Fund managers optimistic about ’13 prospects
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MANILA, Philippines—Investment professionals across the globe are optimistic about global growth prospects for 2013, but they believe much work needs to be done to restore financial market integrity.
Based on the CFA (Chartered Financial Analyst) Institute 2013 global market sentiment, about 40 percent of respondents see an expansion in the global economy in the coming year, a six-point increase from last year’s poll.
But citing an overwhelming lack of trust in finance, CFAs stress the need to develop a culture of ethics and integrity inside financial firms.
“Mis-selling” of financial products topped respondents’ ethical concern locally. Mis-selling—or the pushing of unsuitable products to obtain a commission, or failure to provide advice tailored to the client’s needs—is seen as the most serious ethical issue in the coming year, according to 29 percent of members, up significantly from 13 percent last year.
In terms of asset classes, equities are still expected to outperform.
Half of respondents globally think equities will provide the highest expected total return in 2013, up from 41 percent a year ago—when compared to bonds, cash, commodities and precious metals.
Equity markets expected to provide the best investment opportunities in 2013 are the United States (32 percent), China (17 percent) and Brazil (10 percent).
The annual survey measured the opinion of 6,783 CFA charterholders and members across the globe.
“There is mounting optimism around global economic growth from both investors and the financial industry, despite ongoing issues like the European sovereign debt crisis and significantly greater concern about mis-selling,” said Kurt Schacht, managing director of standards and financial market integrity at CFA Institute.
“We’ve seen the industry become more vocal about the behavior that led to the global financial crisis, and survey respondents are emphatic about the need for stronger ethical culture at financial firms. Our members are convinced that to build a more trustworthy industry, change must start with top management to develop a culture where ethical practice is just as important as investment performance,” he said.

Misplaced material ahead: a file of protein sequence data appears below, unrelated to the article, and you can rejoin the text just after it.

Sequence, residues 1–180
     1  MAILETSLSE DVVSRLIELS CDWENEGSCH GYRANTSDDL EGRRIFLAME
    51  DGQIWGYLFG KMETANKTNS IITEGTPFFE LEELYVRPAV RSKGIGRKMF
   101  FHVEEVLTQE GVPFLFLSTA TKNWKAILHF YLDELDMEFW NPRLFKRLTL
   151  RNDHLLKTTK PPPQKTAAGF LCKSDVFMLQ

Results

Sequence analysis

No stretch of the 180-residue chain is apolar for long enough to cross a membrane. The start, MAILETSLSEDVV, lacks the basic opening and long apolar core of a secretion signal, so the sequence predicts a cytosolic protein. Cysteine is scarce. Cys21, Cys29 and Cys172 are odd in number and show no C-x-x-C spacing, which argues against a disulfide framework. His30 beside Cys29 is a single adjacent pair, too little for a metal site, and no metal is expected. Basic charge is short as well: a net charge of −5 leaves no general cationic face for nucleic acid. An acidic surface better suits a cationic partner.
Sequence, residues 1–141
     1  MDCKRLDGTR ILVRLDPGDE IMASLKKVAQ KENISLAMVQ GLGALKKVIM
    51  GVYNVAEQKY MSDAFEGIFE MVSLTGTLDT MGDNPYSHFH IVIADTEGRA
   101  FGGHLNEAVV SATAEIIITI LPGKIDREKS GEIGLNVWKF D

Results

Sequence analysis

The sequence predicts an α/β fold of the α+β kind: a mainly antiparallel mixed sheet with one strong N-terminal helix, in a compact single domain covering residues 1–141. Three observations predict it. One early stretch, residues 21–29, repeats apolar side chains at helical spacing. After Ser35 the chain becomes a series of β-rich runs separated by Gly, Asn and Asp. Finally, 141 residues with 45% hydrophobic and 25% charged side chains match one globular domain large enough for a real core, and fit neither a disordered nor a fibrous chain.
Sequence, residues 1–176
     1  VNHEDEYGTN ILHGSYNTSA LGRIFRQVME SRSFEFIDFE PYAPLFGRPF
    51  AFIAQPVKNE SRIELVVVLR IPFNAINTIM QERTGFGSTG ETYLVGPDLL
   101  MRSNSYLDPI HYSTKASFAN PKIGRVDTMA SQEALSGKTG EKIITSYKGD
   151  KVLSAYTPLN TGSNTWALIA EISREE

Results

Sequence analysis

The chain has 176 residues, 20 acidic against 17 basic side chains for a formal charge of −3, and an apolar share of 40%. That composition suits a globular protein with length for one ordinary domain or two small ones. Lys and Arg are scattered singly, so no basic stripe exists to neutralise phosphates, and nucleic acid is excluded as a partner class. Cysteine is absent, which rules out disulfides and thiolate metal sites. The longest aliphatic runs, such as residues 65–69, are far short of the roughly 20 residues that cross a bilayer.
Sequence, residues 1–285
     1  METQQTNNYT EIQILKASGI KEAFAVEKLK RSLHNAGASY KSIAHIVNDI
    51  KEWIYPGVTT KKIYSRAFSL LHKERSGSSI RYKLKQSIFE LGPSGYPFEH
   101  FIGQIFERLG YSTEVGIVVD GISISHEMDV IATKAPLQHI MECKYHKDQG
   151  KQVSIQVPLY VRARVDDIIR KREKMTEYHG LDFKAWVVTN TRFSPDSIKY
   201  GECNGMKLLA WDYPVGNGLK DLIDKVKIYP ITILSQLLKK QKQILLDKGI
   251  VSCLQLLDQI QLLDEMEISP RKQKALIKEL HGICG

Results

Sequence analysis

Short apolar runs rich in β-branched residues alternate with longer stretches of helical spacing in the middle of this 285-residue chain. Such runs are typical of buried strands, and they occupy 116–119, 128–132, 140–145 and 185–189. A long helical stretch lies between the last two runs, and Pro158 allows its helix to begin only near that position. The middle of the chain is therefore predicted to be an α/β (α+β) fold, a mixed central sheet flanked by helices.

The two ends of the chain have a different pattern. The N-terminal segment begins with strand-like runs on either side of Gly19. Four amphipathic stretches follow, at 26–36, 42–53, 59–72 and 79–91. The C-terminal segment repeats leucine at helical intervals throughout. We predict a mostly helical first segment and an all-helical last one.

In the case of the Philippines, CFA Society of the Philippines president April Lee-Tan said the country’s impressive gross domestic product growth—together with relatively benign inflation—would put the country in an excellent position to capture more foreign direct investments in light of the improving outlook of the global economy.
“The drive of the current administration to improve governance has already enhanced investor confidence in the Philippines. However, we must ensure that the money coming in is channeled to the right sectors of our economy so that the most number of Filipinos benefit,” Lee-Tan said.
While 40 percent of CFA respondents expect the global economy to expand, only 20 percent believe it will contract, down from 29 percent a year ago.
Those in advanced economies (42 percent) are more optimistic than members in developing economies (35 percent).
The respondents are generally optimistic on local economies, except in Europe. Almost half (45 percent) of investment professionals think the economies of their own countries will expand in 2013, up slightly from 42 percent last year. By stark contrast, only 28 percent of those in Europe expect their economies to expand in the new year. Also, those in developing economies (56 percent) are markedly more optimistic than members in advanced economies (43 percent).
The survey also showed that ethical cultures and behavior within financial firms must change. More than half of respondents (56 percent) cite a lack of ethical culture within financial firms as the primary contributor to the low level of industry trust.
Respondents believe the most effective remedy is improved ethical culture from top management.
Meanwhile, the most important industry/regulatory action to improve market trust and confidence in 2013 is not new regulations, but improved enforcement of existing laws, according to 24 percent of the respondents.
Survey respondents consider the European sovereign debt crisis (37 percent) and weak economic conditions (31 percent) as the two biggest risks to global economic growth in 2013.
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